Loomis is in the business of managing and investing money for its clients. The jury could have found that Loomis maintained a large technology group as part of its normal operations; and that Loomis staffed it on a regular and continuous basis with a significant number of independent contractors. Indeed, according to one Eliassen recruiter, the contractors never finished at Loomis. The contractors provided the technology services needed by Loomis’s investment professionals, working full time for years on assignments from their Loomis managers. There was intermingling within the technology group to the point that neither Loomis employees nor contractors knew whether they were interfacing with fellow employees or independent contractors.
Moreover, Loomis publicly advertised the vital role played by the technology group in the success of its business. 13
13 On its website, Loomis listed technology as a specific group within the organization. Under the “Careers” section, Loomis described the role served by the group as follows: “Technological leadership and an ongoing commitment to operating efficiency can significantly impact a firm’s financial success. With that mission in mind, the technology group partners with every person, team and department at Loomis Sayles to ensure our most efficient processes and best tools are in place for the task at hand. The ideal candidate for positions in technology will have the knowledge and experience needed to develop and/or support technology solutions throughout the company.”
Gidman, Loomis’s CIO, acknowledged that the highly regulated investment industry and the sophistication of its clients “place[ed] demands” on Loomis for a deep infrastructure; information and technology is a required component of that infrastructure; and that the work of the technology group is “important to the operation of Loomis.” Finally, Gidman specifically included the services performed by Weiss and the contractors among the accomplishments of the technology group in the annual reports to the board of directors. This evidence would have amply supported a finding that Weiss performed services within the usual course of Loomis’s business.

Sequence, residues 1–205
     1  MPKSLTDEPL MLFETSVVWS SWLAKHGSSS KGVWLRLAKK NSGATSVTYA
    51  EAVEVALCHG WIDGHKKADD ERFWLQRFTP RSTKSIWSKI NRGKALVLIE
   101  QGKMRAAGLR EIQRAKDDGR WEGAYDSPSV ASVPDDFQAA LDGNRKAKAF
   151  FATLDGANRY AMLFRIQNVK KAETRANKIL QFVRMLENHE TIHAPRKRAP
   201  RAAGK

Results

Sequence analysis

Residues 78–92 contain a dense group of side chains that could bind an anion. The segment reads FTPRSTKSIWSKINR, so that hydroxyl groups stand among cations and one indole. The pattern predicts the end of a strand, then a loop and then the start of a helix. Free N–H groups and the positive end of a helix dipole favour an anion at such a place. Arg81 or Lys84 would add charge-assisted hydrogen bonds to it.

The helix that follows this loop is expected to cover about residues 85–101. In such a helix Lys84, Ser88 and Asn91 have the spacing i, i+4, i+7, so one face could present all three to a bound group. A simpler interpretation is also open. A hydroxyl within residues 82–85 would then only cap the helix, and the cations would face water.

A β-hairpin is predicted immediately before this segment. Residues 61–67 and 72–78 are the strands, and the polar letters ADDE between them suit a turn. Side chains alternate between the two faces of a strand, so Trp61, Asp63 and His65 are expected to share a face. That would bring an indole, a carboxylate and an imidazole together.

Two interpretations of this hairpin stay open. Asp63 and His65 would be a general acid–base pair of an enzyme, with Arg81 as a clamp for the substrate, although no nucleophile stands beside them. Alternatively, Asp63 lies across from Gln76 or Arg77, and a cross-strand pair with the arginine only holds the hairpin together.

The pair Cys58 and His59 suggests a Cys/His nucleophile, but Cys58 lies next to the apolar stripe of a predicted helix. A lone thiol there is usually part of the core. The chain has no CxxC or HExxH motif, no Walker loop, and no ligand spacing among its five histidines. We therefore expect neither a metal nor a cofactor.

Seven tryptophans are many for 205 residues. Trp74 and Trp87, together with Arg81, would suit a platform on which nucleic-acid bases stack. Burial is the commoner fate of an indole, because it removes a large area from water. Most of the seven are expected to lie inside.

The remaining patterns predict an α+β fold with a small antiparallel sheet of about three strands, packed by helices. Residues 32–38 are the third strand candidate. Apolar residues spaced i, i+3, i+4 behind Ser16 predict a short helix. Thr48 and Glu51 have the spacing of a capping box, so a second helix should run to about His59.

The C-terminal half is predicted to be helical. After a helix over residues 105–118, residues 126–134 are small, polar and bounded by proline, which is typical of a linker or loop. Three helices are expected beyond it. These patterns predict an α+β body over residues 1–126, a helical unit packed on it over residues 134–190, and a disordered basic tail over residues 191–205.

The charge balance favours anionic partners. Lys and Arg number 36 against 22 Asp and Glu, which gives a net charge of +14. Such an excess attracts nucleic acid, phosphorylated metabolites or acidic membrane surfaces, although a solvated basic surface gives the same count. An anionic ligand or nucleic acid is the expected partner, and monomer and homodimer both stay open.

iii. Independently established business. “The critical inquiry under this prong is whether ‘the worker is capable of performing the service to anyone wishing to avail themselves of the services or, conversely, whether the nature of the business compels the worker to depend on a single employer for the continuation of the services.'” Sebago v. Boston Cab Dispatch, Inc., 471 Mass. 321, 336 (2015), quoting Athol Daily News, 439 Mass. at 181. Stated differently, the question is whether at the time the services were provided, the individual was “wearing the hat” of the putative employer or the “hat of his own independent enterprise.” Boston Bicycle Couriers, Inc. v. Deputy Director of the Div. of Employment & Training, 56 Mass. App. Ct. 473, 480 (2002). “Essentially, [this prong] requires the [putative employer] to demonstrate that the worker is performing services as an entrepreneur” (citation omitted). Subcontracting Concepts, Inc. v. Commissioner of the Div. of Unemployment Assistance, 86 Mass. App. Ct. 644, 649 (2014). The determination whether this statutory prong is satisfied “must be based upon a comprehensive analysis of the totality of relevant facts and circumstances of the working relationship. No one factor is outcome-determinative.” Boston Bicycle Couriers, Inc., supra at 484. We need not repeat the evidence that would establish that Loomis did not, as a matter of law, necessarily meet its evidentiary burden with respect to this prong. Suffice it to say that a jury could have found that in reality, Weiss was not free to provide services to anyone of his choice; and that the hat he wore for three years through fifteen different projects had a Loomis label on it. Of particular significance was the restriction inserted by Loomis in the contract that Weiss was only free to work for others “so long as such actions [did] not impair [his] ability to perform his . . . services to Loomis Sayles.”